At the very young age of twelve-years-old, Waylon Arnold Jennings started his road to fame. As a young boy, Jennings was already chasing his dreams, and nothing could get in his way. He scored a time spot on a Texas radio station, formed a band, and the rest is history! What he did not know back then is that he would become what some fans consider, a country music pioneer.
Let’s take a look back at the colorful career of the legendary Waylon Jennings.
How Did It All Started For the Country Legend
Born on June 15, 1937 to Lorene and William Jennings, the country singer was a mixture of Cherokee, Irish, and Dutch, with the original name of “Wayland” – which means land by the highway. Later on, his name was changed to Waylon, but not by his choice. In his autobiography, Waylon said, “I didn’t like Waylon. It sounded corny and hillbilly, but it’s been good to me, and I’m pretty well at peace with it right now.”
In 1958, Jennings got his first big break after some time creating jingles for the radio station. He was enlisted to tour with Buddy Holly and started his own climb to fame. But in an unfortunate event, Holly died in a plane crash where Jennings gave up his seat for what was supposed to be a flight to their next tour stop. That day would later become known as “The Day the Music Died,” but Jennings and his music were given a chance to live.
Jennings revealed the painful grief he felt following the deadly plane crash. “God Almighty, for years I thought I caused it,” he said. “I was just trying to figure out what to do with myself, you know? I was a completely changed person. I quit for a while—I wouldn’t even play a guitar, I wouldn’t pick it up.” Luckily, he found his way back to his love of music and moved forward with a new brand of tune.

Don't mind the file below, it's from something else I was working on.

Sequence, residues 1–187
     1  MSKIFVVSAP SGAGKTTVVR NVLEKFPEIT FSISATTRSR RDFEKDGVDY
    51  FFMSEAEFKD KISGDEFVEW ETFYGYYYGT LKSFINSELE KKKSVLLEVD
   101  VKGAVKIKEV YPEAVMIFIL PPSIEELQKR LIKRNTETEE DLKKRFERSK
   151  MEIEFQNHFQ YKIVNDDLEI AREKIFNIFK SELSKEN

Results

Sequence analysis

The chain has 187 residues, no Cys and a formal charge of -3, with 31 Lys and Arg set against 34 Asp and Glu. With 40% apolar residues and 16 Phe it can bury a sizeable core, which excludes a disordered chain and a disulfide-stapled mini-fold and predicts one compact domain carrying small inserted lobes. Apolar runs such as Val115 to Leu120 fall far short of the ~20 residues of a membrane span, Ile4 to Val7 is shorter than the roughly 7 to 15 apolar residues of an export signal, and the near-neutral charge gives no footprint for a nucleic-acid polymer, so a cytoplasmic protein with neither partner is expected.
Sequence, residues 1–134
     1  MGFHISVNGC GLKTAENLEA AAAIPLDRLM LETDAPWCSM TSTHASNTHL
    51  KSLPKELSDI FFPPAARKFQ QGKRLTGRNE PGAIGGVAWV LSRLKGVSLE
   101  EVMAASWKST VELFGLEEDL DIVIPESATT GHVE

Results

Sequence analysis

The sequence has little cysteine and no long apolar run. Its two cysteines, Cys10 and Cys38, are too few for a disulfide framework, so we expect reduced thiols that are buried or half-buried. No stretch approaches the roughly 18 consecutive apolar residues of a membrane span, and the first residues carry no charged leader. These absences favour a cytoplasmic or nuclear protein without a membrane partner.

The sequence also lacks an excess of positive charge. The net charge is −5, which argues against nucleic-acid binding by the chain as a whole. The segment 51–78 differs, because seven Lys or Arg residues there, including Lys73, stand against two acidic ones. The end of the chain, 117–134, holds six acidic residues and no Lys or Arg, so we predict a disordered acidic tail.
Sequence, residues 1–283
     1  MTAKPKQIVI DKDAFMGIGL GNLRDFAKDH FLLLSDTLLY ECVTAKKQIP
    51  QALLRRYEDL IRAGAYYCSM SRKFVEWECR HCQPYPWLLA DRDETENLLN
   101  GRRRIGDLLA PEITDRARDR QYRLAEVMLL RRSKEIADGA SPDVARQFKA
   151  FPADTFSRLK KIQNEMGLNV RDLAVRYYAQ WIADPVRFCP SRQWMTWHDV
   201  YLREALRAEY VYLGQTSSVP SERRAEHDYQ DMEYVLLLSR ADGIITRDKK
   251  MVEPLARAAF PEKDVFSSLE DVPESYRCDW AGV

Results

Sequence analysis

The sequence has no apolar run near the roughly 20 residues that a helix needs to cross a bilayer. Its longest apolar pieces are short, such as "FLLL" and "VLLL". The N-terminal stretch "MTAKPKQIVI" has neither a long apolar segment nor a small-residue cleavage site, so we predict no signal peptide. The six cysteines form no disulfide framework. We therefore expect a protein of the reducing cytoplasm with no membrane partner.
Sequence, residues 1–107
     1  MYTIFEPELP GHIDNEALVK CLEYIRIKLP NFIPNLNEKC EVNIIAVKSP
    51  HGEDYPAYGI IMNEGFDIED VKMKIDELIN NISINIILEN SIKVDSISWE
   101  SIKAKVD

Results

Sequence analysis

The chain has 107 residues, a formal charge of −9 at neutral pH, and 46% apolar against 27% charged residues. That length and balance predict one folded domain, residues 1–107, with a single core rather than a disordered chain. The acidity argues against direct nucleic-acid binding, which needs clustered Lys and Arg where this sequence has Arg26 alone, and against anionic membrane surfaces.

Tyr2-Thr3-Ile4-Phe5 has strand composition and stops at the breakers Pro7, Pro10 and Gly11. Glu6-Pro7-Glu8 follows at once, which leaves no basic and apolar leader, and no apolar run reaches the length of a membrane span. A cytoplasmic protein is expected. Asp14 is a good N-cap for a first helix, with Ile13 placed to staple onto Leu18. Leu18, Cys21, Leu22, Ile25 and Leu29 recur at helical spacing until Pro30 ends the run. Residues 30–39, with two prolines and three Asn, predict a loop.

The Momentum of Waylon Jennings’ Career Began
Waylon Jennings’ career finally kicked off in the 1970s when he joined what was known as the outlaw movement in country music. The movement formed in opposition to the Nashville sound style, which tried to diminish the honky-tonk influences of older country music.
Jennings joined the ranks of fellow outlaws and big country stars such as Merle Haggard, Hank Williams Jr., and Willie Nelson. They’ve released an endless number of hit singles and albums.
In the mid-1980s, Jennings and Nelson teamed up with Kris Kristofferson and Johnny Cash to form the country supergroup The Highwaymen. Through the course of their ten years together, the group successfully released a total of three studio albums and had three singles that made their way onto the charts, including the No. 1 hit, “Highwayman.”
In addition to his highly successful music career, Jennings also appeared in movies and on television. Indeed, his powerful voice, edgy sound, and no-nonsense personality made him the big star he is today.
His Music And Legacy Keep Moving Forward
During his career, Jennings had fifty-four albums chart, with eleven of them reaching No. 1. He also influenced many country music artists, including Hank Williams Jr. and Travis Tritt.
However, Jennings began to experience increased issues with diabetes that limited his mobility and kept him away from performing as much as he wanted. Jennings’ diabetes went on to worsen over the course of the next two years.
In 2002, Jennings died in his sleep due to complications with diabetes at the age of sixty-four. However, his music and legacy continue to move forward and influence many. He is missed dearly and will forever remain a country music idol!
Check out at some of Waylon Jennings’ best songs and performances below!
- Clint Eastwood: The Truth About His 8 Children
- Shania Twain and Husband Frédéric Thiébaud: The Story of Healing and Love
- Willie Nelson Held Back Tears as His Friends Sang Him “Seven Spanish Angels”
- Walker Hayes and wife Laney Beville Hayes: A Love That Stayed
- The Story Behind Garth Brooks’ Divorce That Cost Him Millions
- 12 Deacon Frey Facts You Probably Didn’t Know
- Get Mushy With These 15 Country Songs For Your Boyfriend